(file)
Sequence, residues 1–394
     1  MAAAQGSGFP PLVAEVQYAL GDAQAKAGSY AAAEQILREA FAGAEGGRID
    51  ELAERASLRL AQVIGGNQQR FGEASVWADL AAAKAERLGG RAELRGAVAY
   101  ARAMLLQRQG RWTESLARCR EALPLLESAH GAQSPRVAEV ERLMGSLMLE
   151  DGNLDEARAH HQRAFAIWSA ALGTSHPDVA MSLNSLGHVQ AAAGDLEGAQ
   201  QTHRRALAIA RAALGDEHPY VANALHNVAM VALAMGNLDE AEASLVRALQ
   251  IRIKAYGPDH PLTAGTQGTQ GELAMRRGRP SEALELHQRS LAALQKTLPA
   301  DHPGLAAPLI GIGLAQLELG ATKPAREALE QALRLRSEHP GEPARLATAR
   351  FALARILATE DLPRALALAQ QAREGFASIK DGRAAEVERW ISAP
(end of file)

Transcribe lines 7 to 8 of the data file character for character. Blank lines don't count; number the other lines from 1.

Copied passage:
   251  IRIKAYGPDH PLTAGTQGTQ GELAMRRGRP SEALELHQRS LAALQKTLPA
   301  DHPGLAAPLI GIGLAQLELG ATKPAREALE QALRLRSEHP GEPARLATAR